1877 50C Morgan Half Dollar, Judd-1514, Pollock-1678, Low R.7, PR67 Cameo NGC....
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|Auction Ended On:||Jan 7, 2009|
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Orange County Convention Center
PR67 Cameo, Finest at NGC
Design. The obverse is similar to the Morgan dollar, but the head of Liberty is surrounded by a beaded circle, with 13 stars and E PLURIBUS UNUM around the edge. The date 1877 is below. On the reverse a so-called "defiant eagle" is perched on a scroll inscribed IN GOD WE TRUST. An olive branch points left, and three arrowheads point right. Struck in silver with a reeded edge.
Commentary. Despite the popular terminology, the defiant eagle, while it may have its wings spread, is rather dyspeptic in appearance. The pose seems staid and monumental rather than lifelike, and the unnaturally heavy wings appear to be Oriental fans. This bird would never have flown. George T. Morgan seems to have had a peculiarly difficult time engraving our national bird, and none of his attempts are more than qualified successes.
Numismatic art critic Cornelius Vermeule comments concerning the reverse of the Morgan dollar in his recently released second edition of Numismatic Art in America:
"It can also be noted from the snatches of correspondence quoted above that George T. Morgan was unsatisfied with the tradition of Peter, the then-stuffed eagle at the Philadelphia Mint. The 'studies in nature' that he would seem to have procured for the eagle, however, must have had little effect on his oeuvre, for the bird on the reverse of the 1878 silver dollar is much more removed from reality than the creatures on some of the patterns for trade dollars in 1873. Some details, to be sure, like the broad tail, betray ornithological research, but in total substance the eagle with wings spread is as heraldic as his early 19th-century counterparts with the shields on their stomachs. Clearly, Morgan's dollar was a refreshing step away from the standard Gobrecht-styled seated Liberty with 'sandwich-board' eagle, but the decisive moment of revolution in American numismatic art had not yet arrived."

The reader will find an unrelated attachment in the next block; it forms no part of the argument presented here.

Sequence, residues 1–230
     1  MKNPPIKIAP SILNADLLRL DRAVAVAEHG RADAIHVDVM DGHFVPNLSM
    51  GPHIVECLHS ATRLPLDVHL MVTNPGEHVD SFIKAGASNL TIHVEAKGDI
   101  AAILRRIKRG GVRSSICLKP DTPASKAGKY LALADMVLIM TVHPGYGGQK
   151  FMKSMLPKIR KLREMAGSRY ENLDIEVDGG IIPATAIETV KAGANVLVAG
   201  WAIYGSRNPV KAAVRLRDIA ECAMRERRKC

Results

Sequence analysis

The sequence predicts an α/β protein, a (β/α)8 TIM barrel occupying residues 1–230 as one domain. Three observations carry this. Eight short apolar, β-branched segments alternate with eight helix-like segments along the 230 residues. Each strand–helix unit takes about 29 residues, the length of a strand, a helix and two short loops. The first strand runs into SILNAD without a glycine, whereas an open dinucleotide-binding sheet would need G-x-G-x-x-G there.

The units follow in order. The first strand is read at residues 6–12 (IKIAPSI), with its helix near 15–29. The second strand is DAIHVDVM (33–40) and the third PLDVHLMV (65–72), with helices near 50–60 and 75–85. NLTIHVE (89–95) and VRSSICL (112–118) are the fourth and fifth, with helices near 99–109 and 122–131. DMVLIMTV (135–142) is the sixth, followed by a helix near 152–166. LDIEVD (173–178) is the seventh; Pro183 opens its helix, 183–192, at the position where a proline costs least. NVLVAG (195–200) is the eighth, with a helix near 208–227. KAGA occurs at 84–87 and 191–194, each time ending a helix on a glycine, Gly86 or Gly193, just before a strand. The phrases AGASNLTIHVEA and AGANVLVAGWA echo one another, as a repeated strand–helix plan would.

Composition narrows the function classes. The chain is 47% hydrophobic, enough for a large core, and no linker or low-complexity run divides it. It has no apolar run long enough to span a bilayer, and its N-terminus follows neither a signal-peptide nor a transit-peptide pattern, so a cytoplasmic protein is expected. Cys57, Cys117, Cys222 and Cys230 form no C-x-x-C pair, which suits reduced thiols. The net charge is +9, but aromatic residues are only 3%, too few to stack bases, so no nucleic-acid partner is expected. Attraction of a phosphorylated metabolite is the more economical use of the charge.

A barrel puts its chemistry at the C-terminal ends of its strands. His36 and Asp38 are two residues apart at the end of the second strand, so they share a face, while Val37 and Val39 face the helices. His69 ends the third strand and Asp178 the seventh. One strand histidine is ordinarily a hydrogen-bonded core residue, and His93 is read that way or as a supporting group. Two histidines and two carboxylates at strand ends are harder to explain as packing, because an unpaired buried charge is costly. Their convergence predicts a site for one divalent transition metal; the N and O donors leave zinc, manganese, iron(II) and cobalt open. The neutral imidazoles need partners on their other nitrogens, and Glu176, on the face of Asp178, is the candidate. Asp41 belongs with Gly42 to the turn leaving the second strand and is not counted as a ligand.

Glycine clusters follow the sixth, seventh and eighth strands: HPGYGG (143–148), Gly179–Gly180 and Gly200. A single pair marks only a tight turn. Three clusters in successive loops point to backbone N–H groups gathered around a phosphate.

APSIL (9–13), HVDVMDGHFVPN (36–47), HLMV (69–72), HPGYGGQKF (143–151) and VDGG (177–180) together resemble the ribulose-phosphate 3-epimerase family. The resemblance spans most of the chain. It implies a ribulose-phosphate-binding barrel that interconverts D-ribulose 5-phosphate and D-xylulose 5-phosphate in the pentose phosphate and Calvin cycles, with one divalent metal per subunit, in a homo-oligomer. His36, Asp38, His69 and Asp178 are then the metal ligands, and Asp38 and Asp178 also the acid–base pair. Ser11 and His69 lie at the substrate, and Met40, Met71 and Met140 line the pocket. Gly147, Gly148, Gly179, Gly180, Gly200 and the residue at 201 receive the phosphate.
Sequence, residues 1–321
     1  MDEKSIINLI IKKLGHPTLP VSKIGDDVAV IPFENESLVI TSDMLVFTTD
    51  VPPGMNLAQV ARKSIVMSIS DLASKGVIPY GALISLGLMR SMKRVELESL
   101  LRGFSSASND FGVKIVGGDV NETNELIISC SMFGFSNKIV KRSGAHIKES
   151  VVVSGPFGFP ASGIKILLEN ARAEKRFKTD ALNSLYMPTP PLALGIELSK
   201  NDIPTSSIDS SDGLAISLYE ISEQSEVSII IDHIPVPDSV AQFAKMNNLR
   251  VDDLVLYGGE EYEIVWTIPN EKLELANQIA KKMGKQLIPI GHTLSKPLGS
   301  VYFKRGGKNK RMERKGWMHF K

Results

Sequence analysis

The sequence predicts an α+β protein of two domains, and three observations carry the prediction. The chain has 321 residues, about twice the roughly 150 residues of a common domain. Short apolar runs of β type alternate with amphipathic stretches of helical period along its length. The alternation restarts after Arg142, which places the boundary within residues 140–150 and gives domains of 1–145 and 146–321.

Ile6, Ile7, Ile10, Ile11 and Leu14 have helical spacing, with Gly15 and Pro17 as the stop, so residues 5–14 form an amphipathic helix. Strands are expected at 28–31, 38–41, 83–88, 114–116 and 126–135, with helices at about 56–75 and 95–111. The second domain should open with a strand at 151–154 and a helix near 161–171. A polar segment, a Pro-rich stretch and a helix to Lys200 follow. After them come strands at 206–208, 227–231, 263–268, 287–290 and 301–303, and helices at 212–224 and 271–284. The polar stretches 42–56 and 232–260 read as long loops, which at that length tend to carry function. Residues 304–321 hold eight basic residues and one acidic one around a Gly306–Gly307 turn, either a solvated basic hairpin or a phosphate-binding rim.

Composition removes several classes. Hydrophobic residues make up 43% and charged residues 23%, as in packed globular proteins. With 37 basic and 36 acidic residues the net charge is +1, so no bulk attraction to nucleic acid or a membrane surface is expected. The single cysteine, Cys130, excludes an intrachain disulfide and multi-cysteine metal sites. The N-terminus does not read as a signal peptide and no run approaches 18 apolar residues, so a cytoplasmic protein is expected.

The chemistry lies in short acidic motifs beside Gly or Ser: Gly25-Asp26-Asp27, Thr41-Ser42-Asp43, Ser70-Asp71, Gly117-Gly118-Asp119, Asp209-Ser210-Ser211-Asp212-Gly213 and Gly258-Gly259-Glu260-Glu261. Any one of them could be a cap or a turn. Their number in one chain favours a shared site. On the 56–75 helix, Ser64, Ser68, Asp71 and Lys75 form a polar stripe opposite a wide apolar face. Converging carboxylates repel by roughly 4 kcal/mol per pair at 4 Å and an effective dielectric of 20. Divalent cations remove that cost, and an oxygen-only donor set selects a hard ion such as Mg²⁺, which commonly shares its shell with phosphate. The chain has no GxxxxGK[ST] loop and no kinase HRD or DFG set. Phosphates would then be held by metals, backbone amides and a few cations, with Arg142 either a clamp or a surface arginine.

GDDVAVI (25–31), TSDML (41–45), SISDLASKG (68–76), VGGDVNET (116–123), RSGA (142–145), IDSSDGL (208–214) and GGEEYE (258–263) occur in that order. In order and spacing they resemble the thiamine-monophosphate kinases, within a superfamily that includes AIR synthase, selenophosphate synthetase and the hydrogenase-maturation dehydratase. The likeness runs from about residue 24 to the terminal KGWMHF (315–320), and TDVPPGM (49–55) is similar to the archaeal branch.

Physical Description. The coin is virtually flawless; the only interruptions in the surfaces are a few tiny lint marks that were struck into the piece at the time of minting. The centers are brilliant and surrounded by a ring of golden-brown toning at the margins. The fields are deeply mirrored, and the devices present stark cameo contrast on both obverse and reverse. In PR67 Cameo, this piece is the single finest certified at NGC. The finest at PCGS is a PR64 example (11/08).
Census. Per USPatterns.com, only seven examples are known. See that reference for a detailed census, from which this provenance is also expanded.
Ex: Maj. Lenox Lohr; R.E. Cox Jr., private treaty transaction (1959), $250; Cox Collection (Stack's, 4/1962), lot 2266; Champa Collection (American Auction Association, 5/1972), lot 1063; Stack's private treaty transaction (2/1978).
From The Lemus Collection, Queller Family Collection Part Two. (PCGS# 61852)
Service and Handling Description: Coins & Currency (view shipping information)